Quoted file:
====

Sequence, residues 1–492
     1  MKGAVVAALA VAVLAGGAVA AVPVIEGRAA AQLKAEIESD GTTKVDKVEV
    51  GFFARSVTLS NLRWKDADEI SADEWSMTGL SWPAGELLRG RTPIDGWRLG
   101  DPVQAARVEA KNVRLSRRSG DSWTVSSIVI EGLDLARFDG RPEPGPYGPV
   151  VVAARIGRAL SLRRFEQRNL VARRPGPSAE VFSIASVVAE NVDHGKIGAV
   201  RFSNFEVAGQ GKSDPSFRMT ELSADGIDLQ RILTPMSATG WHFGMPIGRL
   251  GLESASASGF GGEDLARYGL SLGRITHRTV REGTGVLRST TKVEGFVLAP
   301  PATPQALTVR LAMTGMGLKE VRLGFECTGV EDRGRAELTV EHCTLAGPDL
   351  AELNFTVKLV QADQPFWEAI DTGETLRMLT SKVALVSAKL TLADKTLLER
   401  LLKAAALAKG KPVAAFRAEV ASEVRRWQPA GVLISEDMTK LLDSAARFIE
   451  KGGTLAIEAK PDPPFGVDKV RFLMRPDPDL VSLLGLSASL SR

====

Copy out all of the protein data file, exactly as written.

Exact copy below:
Sequence, residues 1–492
     1  MKGAVVAALA VAVLAGGAVA AVPVIEGRAA AQLKAEIESD GTTKVDKVEV
    51  GFFARSVTLS NLRWKDADEI SADEWSMTGL SWPAGELLRG RTPIDGWRLG
   101  DPVQAARVEA KNVRLSRRSG DSWTVSSIVI EGLDLARFDG RPEPGPYGPV
   151  VVAARIGRAL SLRRFEQRNL VARRPGPSAE VFSIASVVAE NVDHGKIGAV
   201  RFSNFEVAGQ GKSDPSFRMT ELSADGIDLQ RILTPMSATG WHFGMPIGRL
   251  GLESASASGF GGEDLARYGL SLGRITHRTV REGTGVLRST TKVEGFVLAP
   301  PATPQALTVR LAMTGMGLKE VRLGFECTGV EDRGRAELTV EHCTLAGPDL
   351  AELNFTVKLV QADQPFWEAI DTGETLRMLT SKVALVSAKL TLADKTLLER
   401  LLKAAALAKG KPVAAFRAEV ASEVRRWQPA GVLISEDMTK LLDSAARFIE
   451  KGGTLAIEAK PDPPFGVDKV RFLMRPDPDL VSLLGLSASL SR